Array CGH examination

Array CGH examination

The purpose of this method is to detect small unbalanced rearrangements on chromosomes (losses and gains of genetic material) that cannot be captured by G-banding. Detected rearrangements may cause the patient a serious clinical condition or significantly increase the risk for his/her descendants due to loss (or over-function or lack of function) of affected genes.

The principle of the method is to compare control DNA from a healthy person with the DNA of a tested person. During the procedure both control and tested DNAs are marked with fluorescent dyes, hybridized to microarray chip with high quality probes and than processed for image analysis by Agilent Cytogenomics software. This step is followed by detailed analysis to evaluate the significance of device-marked aberrations and their relevance to individual proband health conditions (or ultrasound findings in the fetus). The final results are described with regards to the worldwide medical databases and academic literature with the same or similar findings, thus refining the outcome of the genetic consultation performed by a physician in our center.

The disadvantage of this method is its high sensitivity to the quality of the input material and it does not detect chromosome aberrations without gain or loss of genetic material. Therefore it cannot be used to detect clinically healthy carriers of small balanced chromosomal rearrangements who have a high risk of repeated pregnancy loss or childbirth of a disabled child.

Sample computer analysis output – normal male profile

Karyotypization – chromosomal screening

 

Karyotypization is a cytogenetic examination used to determine the chromosomal set of the individual. We can examine peripheral blood cells, amniotic fluid, and the chorionic villus or fetal tissue of a miscarriage as needed.

The biological material is cultivated under sterile conditions in a nutrient medium in order to contain a large number of dividing cells. The grown cell suspension is then used as a sample on a glass slide and stained. The number and structure of chromosomes in dividing cells can be evaluated under a microscope. The complete karyotype can be determined after examining the sufficient number of cells.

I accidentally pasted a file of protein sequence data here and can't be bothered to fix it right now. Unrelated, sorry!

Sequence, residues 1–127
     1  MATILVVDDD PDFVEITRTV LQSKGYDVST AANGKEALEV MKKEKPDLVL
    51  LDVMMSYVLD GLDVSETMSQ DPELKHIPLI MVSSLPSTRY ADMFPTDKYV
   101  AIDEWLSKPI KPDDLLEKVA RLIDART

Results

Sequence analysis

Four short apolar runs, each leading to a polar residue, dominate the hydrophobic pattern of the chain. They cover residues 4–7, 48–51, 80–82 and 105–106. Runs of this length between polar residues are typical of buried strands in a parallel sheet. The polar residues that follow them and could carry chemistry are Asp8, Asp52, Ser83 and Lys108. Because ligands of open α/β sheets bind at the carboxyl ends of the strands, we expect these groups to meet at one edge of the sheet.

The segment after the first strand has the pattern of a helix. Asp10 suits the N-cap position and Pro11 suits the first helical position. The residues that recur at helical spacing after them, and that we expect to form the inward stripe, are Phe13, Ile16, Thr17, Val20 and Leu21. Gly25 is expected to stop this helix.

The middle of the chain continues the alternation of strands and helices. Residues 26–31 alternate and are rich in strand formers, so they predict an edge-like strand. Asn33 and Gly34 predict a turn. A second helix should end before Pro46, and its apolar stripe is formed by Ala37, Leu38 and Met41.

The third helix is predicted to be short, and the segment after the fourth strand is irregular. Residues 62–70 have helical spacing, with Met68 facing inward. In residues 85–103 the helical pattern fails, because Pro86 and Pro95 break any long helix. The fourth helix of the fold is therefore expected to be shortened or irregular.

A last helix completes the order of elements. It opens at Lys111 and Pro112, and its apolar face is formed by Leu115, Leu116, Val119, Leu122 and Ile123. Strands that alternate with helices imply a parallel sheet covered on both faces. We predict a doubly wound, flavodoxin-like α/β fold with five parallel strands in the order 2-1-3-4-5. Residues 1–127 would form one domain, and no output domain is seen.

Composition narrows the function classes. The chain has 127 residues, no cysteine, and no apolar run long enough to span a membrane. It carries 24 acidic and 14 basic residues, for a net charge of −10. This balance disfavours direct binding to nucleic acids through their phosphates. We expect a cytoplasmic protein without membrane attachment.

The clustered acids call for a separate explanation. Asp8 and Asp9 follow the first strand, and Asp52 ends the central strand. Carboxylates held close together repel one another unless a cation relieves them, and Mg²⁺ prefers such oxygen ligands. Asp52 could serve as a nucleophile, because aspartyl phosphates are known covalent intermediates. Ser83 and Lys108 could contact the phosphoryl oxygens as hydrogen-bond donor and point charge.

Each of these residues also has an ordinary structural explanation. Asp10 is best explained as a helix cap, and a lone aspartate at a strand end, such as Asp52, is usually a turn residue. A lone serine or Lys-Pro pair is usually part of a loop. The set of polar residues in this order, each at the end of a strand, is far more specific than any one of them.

The human karyotype has 46 chromosomes; 22 pairs (one set from each parent) and two sex chromosomes: two X chromosomes in a female and X and Y chromosomes in a male. Each chromosome has a specific shape and a certain sequence of light and dark bands (G bands). The chromosomes are evaluated according to the international system of cytogenetic nomenclature ISCN. Variations in the structure or number of chromosomes are considered pathological findings.

Our laboratory is accredited according to ČSN EN ISO 15189.

 

Female karyotype 46, XX

Male karyotype 46, XY

Examination using the FISH method

 

FISH screening in our laboratory is used to determine and specify the variations in the number and structure of chromosomes in biological material – specifically and primarily in blood and amniotic water.

FISH, or Fluorescence In Situ Hybridization, utilizes artificially prepared color-coded DNA segments, known as probes, that are bound to the corresponding portions of the chromosomal DNA of the examined sample. Hybridization takes place in situ, or “on site”, specifically on a microscopic backing slide directly on the cores of the examined sample. The result shows the presence or absence of whole chromosomes, or certain segments of DNA, the number of copies of these sections, and sometimes even their locations on the chromosomes.  The presence of the examined section is visible in color in a fluorescent microscope thanks to the bound and marked probe.

 

A sample of the translocation (transfer) of part of chromosomes 16 and 7 (in the latter case, chromosomes 12 and 18) to form derived chromosomes: the examined material in these cases is peripheral blood.

A sample routine examination of a numerical aberration of chromosomes X, Y , 13, 18, 21: the examined material is amniotic water.

Examination by QF PCR method

 

Molecular genetic examination (QF PCR) is a method performed in patients at high risk of fetal chromosomal abnormalities (older age, positive biochemical screening, ultrasound fetal abnormalities, etc.). 

The fetal DNA is obtained from chorionic villus collection (CVS) or amniotic fluid (AC). The QF-PCR method (quantitative fluorescent PCR) allows for rapid prenatal detection of aneuploidies for chromosomes, most frequently 13, 18, 21, X and Y. The polymerase reaction with fluorescently labeled primers allows for the separation and quantification of specific markers on an automated genetic analyzer. The mother’s DNA is also analyzed for comparison.

The advantage of this examination is its speed and accuracy (results can be processed by the next working day).